In 2002, at the height of political, economic and social crisis in Argentina and in an atmosphere of national fatalism, a group of Argentines decided to try a new, more open approach for moving forward. A small group of citizens, with the support of the government, the Catholic Church, and the United Nations Development Programme, launched a process they called “Argentine Dialogue,” a series of multi-stakeholder conversations. They brought together hundreds of leaders from all parts of society in a series of roundtables, to talk about the crisis, to make proposals, and to act. Adam Kahane, invited to join a team of facilitators, describes his own and the group’s experience with these dialogues. From his later return to Argentina, Adam offers insightful observations of the qualitative shift in outlook, consciousness and actions that resulted. Included here is an excerpt from Adam Kahane’s book.

SPEECH: Family Constellations - Failure, Evil, and Guilt as Sources...

In this speech to the International Transpersonal Association, (ITA) Dr. Albrecht Mahr points to the importance of including evil in our discussions of collective wisdom. (How do we move beyond an ethic of perfection without scaling down into moral relativism? How can we pay attention to and navigate within varied field influences?) From his systemic constellations perspective, Dr. Mahr coined a phrase for the experience of shared fields as “knowing fields”. He includes three stories of systemic constellations. The paper brings our attention to the rich and natural perceptual capacities of our ‘knowing body” that mediate collective wisdom.
To learn more of this application for collective wisdom, see conference description “Collective Wisdom: New Perspectives for Resolution in Small and Large Group Conflicts, in Families, Social Groups and in Politics”, April 28-30, 2005 in Germany.

EXCERPT: Twelve Leverage Points to Intervene in and Influence a System

Donella Meadows, (1941-2001), systems analyst, journalist, writer, teacher and farmer has been a major influence in the lives and understanding of many active practitioners in the emerging field of Collective Wisdom. As a systems analyst, she observed that there are “levers” or places within a complex system (such as a firm, a city, a family, an economy, living being, an ecosystem, an ecoregion) where a “small shift in one thing can produce big changes in everything”. These she described as “leverage points”. She developed a scale of leverage points, i.e., places to intervene in a system with increasing influence. Awareness and manipulation of these levers is an aspect of self-organization and can lead to collective intelligence. We include here a link to The Donella Meadows Archive: Voice of a Global Citizen, 15 years of essays published as the award winning bi-weekly Global Citizen newspaper column.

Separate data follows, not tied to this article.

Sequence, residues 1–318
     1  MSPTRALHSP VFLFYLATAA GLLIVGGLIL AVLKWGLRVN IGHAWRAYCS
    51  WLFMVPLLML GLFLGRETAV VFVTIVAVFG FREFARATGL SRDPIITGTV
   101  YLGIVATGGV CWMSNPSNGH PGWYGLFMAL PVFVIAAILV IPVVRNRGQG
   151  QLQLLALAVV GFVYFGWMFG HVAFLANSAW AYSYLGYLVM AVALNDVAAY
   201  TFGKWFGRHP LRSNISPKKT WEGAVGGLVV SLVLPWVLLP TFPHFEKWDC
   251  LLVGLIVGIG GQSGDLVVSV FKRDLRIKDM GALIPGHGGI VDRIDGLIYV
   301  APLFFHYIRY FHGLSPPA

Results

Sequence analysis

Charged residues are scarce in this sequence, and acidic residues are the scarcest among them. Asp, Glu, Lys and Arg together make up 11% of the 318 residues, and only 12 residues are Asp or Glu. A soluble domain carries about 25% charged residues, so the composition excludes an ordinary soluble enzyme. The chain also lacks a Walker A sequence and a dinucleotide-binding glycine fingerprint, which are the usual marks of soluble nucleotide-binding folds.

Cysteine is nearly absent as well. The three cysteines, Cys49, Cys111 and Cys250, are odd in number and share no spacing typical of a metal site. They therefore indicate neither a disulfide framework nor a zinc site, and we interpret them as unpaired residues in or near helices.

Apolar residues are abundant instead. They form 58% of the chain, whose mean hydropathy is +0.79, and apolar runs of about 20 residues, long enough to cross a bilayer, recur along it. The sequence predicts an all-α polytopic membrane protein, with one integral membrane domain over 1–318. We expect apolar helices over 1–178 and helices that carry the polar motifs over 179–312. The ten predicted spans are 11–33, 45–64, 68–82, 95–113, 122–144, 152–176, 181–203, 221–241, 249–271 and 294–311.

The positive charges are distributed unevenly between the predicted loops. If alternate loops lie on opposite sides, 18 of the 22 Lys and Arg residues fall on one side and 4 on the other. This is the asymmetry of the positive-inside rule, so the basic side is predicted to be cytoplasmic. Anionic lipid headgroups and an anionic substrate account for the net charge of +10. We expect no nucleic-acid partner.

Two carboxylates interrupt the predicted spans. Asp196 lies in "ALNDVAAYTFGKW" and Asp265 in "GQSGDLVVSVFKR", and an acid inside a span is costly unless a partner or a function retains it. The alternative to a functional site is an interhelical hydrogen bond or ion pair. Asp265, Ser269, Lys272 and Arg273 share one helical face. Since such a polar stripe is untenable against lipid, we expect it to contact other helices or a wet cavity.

SEED PAPER: Beyond Innocence: Creating a Space for Wisdom in Organizations

Kate Regan describes innocence in organizations as our inability to hold the opposites and to “lean into” what makes us most uncomfortable. She examines what it is, in ourselves and our organizations, that we have been “rushing away from.” In an exploration full of kindness and insight, she probes deep into what generates collective learning and wisdom in groups and how individuals can provide leadership for this difficult process. She offers us a way to hold the opposites while pursuing social action that is meaningful and grounded in real life.

SEED PAPER: Deepening Democracy

Rosa Zubizarreta's thoughtful paper explores ways in which we can engage the full possibilities of democracy, to awaken our collective wisdom and facilitate the unfolding of our social potential. Both knowledgeable and comprehensive, this paper links the reader to many inspiring thinkers and leading edge experiments in the "creative engagement with diversity" in the political realm. It offers hope and encouragement in a time of despair about a peaceful future for our world. This paper is intended to seed a further conversation.

SEED PAPER: Co-Creative Power: Engaging Networks for Learning and Innovation

Ann Svendsen and Myriam Laberge, both of Simon Fraser University in Vancouver, BC, Canada, describe how collective wisdom contributed to finding sustainable solutions to an entrenched conflict between a multi-national logging company, environmental advocacy groups, and First Nations in their area. Going beyond consensus building and conflict resolution, the parties engaged with each other in a way that fostered and supported collective inquiry, learning and innovation. For further articles, please see Co-Creative Stakeholder Engagement Model. See also Co-Creative Stakeholder Engagement Workshop.